Can credit cards be used to build your credit score?

Using and managing a credit card well may, over time, improve your overall credit score.

Why a good credit score is important

  • The higher your credit score is, the more likely it could be that a credit card, mortgage, personal loan, overdraft or car finance application will be accepted.
  • Depending on the type of borrowing, the lowest and longest lasting interest rates might be offered to low risk applicants, who’ve shown they can manage their finances responsibly over time.
  • Your credit score can also affect the amount of credit you are offered.
  • Bad credit might affect your ability to get some jobs, e.g. in legal or financial services.

It’s important to know that the way you use and manage one type of credit, such as a credit card, is just one of the factors which may influence your credit score.

More about credit scores

Improving your credit score with a credit card

Using a credit card and making regular payments, can help to demonstrate how responsibly you manage credit accounts. It could help your credit score to:

Build your credit history

The average age of your active credit accounts can influence your credit score. Having the same accounts for a long time suggests you can manage them responsibly.

If you’ve little or no experience with credit, even if you have a good income, your credit score may be low, simply because there’s little to indicate how well you can manage borrowing and repayments.

Use a mix of credit types

Having a range of credit accounts shows you can manage different types effectively, from secured lending, such as a mortgage, to unsecured lending, such as credit cards or overdrafts.

Just bear in mind, whether or not you’re accepted, ‘hard’ credit searches may affect your credit score, especially if you make a number of full applications in a short period of time.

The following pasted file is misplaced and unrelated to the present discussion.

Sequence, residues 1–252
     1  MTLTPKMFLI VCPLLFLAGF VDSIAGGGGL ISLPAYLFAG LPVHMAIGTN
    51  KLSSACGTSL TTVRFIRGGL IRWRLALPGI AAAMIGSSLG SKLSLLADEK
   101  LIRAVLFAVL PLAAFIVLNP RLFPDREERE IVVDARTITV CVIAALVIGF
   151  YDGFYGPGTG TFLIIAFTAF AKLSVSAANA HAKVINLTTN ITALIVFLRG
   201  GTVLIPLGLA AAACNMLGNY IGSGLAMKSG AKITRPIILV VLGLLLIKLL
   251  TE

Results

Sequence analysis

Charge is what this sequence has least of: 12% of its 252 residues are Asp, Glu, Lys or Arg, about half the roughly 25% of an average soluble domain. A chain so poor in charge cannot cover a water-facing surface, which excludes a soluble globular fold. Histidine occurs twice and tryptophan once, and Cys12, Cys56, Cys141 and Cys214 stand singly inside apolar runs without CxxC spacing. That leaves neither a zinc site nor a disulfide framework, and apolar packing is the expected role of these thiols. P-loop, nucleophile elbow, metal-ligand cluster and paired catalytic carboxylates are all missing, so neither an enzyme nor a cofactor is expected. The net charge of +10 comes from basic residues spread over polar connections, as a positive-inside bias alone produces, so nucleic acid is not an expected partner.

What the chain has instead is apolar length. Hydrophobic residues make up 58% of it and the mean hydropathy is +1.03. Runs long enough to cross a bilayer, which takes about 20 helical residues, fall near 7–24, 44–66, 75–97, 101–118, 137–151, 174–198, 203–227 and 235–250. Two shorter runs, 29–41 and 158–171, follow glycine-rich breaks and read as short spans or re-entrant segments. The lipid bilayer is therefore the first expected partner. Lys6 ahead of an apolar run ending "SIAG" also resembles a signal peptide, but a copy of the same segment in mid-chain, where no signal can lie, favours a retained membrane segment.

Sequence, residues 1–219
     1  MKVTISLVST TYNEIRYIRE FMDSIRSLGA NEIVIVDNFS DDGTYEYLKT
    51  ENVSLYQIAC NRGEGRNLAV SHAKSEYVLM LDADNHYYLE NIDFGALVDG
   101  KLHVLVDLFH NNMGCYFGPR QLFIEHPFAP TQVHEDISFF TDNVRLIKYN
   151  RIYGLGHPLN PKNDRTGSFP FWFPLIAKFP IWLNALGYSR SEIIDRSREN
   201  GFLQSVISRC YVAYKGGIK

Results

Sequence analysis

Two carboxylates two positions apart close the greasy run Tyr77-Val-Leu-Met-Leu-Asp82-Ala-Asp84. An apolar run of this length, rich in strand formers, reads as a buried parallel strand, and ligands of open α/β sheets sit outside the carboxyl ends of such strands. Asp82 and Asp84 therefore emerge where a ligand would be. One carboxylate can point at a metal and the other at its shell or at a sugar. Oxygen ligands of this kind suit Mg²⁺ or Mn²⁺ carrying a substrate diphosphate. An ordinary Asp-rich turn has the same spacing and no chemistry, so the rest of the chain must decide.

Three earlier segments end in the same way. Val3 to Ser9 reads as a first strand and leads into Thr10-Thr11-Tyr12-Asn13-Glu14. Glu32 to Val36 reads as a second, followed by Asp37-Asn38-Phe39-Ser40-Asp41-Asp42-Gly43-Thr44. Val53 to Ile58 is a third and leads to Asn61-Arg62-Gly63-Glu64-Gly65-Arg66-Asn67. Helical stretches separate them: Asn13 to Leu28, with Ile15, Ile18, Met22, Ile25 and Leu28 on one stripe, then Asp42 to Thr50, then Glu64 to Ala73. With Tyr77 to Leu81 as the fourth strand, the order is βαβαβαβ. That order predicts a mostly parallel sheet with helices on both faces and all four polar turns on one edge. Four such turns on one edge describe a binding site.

Keep credit available

Credit reference agencies look at the amount of credit available to you, less the amount you’ve used – known as the credit utilisation ratio.

Try to keep balances below 25% of your available credit limit.

How a credit card could damage your credit score

To protect your credit score, it’s important to use and manage credit cards carefully.

New applications

Whether or not you’re accepted, hard credit searches could affect your credit score, especially if you make a number of full applications in a short period of time.

Many credit card providers now offer ‘soft’ credit searches, also known as an eligibility check, helping you to find cards you’re eligible to apply for, without impacting your credit score.

Going over your credit limit

Like missed or late payments, lenders and service providers will also report instances where you go over any agreed credit limits, which are common on credit cards, overdrafts and store cards.

This can impact your credit score for a number of reasons. Not only will your credit utilisation ratio be too high, but being over your credit limit suggests you could be struggling to manage your finances.

Making payments on time

This is one way to show you can manage your finances responsibly. Lenders report arrears, missed, late or defaulted payments, which may negatively impact your credit score.